Wanting to hold the relationship together, women attempt to put a puzzle together that’s missing more than half the pieces. The confusion surrounding what it happening is overwhelming.

Betrayal Trauma Is Caused By Emotional & Physical Infidelity, As Well As Abuse

Betrayal takes many different forms. The most common form of betrayal is lying. Other forms are emotional abuse, pornography use, infidelity, and being emotionally unavailable. Betrayal definition is breaking or violating of a promise or trust that creates emotional and mental conflict.

Even without understanding the extent of the lies, I knew something was wrong. 

I felt my husband’s hatred for me oozing out of him. He tried to hide it, but he couldn’t. As I tried to figure out what was happening, his distain for me grew. I have found that when my husband lied to me and cheated on me, he had to hate me more and more to justify his actions. Choosing to view someone in that light, as a way to avoid accountability is a betrayal in and of itself.

Lying Is The Common Denominator In Betrayal

Lying is the most common form of betrayal and abuse. Lying enables someone to control a situation, essentially exploiting the person or people they’re lying to. It enables someone to control your perception of the situation and remain active in his compulsive sexual behaviors while maintaining his relationship with you. 

He has “reasons” to betray which are actually lies. Sex addicts love to portray themselves as unable to control their hormonal urges, which is untrue. Without lying, an active abuser and an addict’s whole world falls apart.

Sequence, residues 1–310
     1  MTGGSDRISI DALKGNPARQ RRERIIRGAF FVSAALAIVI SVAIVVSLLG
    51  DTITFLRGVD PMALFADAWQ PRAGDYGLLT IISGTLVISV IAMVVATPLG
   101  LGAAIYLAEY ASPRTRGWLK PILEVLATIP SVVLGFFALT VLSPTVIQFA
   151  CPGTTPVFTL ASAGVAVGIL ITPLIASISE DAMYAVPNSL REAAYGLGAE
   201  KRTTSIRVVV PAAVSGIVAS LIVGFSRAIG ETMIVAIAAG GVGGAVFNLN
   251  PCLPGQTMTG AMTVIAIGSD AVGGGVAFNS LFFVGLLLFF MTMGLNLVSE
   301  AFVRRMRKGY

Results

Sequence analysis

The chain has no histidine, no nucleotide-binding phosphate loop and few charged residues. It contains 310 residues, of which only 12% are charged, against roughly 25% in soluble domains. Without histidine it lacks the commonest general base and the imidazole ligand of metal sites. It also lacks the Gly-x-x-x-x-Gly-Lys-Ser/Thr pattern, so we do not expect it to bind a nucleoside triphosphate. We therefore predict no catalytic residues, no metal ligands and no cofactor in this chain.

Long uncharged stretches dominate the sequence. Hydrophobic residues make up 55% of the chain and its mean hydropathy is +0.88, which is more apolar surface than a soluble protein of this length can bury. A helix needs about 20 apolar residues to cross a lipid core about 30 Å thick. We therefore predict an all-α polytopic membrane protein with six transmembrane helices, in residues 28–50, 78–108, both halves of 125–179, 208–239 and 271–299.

When someone lies to you, they take away your dignity. The philosopher Kant said that a person’s intrinsic worth (human dignity) allows them to act as rational as possible and make their own decisions. But when you’re being lied to, it harms your dignity by purposefully withholding key information you need to make key decisions.

Lies are traumatizing. When I realized I wasn’t living the life I thought I was, I began suffering intense trauma episodes of uncontrollable crying and panic. 

I learned from sad experience that there is no way to force someone to tell the truth.

However, with God’s help, you can discover what you need to know to keep yourself emotionally safe.

Confusion As A Result Of The Lies – Betrayal Trauma Can Be A Result Of Being Consistently Lied To

After my husband’s arrest for domestic violence, I was so confused. I didn’t know the truth. My husband lied and blamed me. His explanation for what was happening was so drastically different than mine. It seemed like I was losing my grasp on reality.

I began to pray for eyes to see and ears to hear the truth. Every morning, I would kneel and genuinely ask God to help me see the truth of the situation.

Through this time, as I worked the steps, God taught me what behaviors to look for to know if I was truly safe. God also showed me how to improve my relationship with Him by truly relying on Him to help me grow through the experience.